A decade of stagnation scarier than rising rates?

Ian McGugan/Twitter.com/

Good piece in the Globe by Ian McGugan posted Monday night. When I tweeted it out this morning, it was retweeted by some prominent Tweeters. McGugan — back to writing after years of being an editor at MoneySense and the Globe — suggests a major threat for investors is “the possibility that nothing happens … nothing as in a stagnant market, not just for a year or two, but for a decade or more to come.”

Citing the work of Boston-based Ben Inker (of GMO), McGugan says that if interest rates and bond yields remain stubbornly low, it may be hard for institutional investors (pension funds) to generate a return of inflation plus 5%. Stock investors need to be more cautious because the expected reward for taking on risk is getting muted. Long-term returns from both stocks and bonds may disappoint and investors may be lucky to get a 3.5% real return: net of inflation but before taxes and fees.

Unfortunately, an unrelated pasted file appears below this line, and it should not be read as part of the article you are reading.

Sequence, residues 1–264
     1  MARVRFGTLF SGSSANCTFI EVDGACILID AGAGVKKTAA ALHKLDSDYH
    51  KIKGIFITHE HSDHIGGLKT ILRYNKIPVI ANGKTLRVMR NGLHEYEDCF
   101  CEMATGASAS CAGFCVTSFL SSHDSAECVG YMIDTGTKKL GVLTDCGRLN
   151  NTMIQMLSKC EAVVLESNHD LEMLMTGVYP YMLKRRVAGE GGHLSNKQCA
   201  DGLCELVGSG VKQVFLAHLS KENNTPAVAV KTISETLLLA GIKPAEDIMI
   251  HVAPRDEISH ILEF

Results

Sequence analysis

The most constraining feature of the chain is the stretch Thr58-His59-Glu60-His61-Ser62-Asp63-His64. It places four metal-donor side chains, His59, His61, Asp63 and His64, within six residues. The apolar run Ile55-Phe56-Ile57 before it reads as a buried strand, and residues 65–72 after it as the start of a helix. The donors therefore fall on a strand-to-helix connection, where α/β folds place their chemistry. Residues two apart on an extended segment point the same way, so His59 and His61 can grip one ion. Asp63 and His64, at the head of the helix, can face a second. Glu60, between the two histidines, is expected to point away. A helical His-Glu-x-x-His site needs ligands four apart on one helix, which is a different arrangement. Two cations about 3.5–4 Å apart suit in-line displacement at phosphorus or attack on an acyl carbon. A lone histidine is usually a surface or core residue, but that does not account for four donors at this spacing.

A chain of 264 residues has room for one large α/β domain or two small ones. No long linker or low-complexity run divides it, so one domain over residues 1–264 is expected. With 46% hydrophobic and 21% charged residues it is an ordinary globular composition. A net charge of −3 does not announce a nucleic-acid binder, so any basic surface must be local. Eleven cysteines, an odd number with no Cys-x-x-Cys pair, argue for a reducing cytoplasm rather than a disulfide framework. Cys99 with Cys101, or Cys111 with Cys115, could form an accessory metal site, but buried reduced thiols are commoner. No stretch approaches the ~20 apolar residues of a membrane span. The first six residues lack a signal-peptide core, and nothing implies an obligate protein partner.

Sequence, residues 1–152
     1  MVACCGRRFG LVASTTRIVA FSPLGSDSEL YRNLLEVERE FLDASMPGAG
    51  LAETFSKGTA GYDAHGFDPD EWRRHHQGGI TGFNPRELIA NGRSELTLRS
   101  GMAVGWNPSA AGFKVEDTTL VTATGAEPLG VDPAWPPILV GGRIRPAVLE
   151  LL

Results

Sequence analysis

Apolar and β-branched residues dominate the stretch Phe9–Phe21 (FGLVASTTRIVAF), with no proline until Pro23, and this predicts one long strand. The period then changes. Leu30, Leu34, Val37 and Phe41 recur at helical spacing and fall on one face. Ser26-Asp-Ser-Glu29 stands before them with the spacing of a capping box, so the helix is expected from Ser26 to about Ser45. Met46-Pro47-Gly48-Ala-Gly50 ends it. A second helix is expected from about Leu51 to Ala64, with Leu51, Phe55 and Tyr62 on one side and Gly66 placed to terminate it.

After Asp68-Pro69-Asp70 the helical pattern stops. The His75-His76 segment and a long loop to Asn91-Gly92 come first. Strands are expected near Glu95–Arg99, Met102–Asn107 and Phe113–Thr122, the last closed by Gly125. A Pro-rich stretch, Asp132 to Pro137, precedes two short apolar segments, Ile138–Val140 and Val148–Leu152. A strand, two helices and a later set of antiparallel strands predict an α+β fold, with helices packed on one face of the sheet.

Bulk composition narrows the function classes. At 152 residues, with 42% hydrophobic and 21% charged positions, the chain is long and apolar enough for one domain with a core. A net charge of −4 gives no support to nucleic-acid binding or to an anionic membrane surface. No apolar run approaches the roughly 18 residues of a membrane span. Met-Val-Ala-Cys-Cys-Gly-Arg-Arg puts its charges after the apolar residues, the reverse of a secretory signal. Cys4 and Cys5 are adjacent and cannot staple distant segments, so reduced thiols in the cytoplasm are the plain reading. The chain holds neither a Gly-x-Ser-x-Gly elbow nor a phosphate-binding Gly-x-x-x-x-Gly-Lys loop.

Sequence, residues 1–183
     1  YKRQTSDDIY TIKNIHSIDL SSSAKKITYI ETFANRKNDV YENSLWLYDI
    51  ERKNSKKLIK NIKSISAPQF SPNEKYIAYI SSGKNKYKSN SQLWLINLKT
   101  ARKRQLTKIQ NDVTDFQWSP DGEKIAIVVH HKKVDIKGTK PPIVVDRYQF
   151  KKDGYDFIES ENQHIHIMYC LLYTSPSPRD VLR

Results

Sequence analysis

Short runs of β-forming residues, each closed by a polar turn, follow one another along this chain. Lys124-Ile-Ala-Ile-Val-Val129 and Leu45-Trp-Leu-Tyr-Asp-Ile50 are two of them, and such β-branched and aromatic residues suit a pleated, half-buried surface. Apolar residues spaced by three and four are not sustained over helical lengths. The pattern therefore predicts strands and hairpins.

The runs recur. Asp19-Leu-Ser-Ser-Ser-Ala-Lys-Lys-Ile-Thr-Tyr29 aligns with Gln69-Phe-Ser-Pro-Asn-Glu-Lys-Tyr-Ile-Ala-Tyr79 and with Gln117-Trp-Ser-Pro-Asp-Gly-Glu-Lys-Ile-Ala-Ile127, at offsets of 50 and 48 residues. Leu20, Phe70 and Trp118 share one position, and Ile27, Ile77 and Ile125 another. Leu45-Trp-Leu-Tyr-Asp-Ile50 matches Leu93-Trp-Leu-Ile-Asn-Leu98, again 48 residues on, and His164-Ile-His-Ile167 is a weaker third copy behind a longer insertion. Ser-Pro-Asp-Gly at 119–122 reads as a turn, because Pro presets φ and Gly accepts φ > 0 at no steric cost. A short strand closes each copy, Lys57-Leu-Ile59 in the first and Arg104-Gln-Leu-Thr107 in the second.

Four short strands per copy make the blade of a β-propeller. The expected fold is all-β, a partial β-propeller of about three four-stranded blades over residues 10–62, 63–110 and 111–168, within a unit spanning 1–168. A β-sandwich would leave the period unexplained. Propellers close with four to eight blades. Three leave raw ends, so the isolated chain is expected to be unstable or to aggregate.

Scary indeed! But Inker doesn’t suggest parking in cash, seeing some value in the less obvious emerging markets, European value stocks and high-quality American companies.

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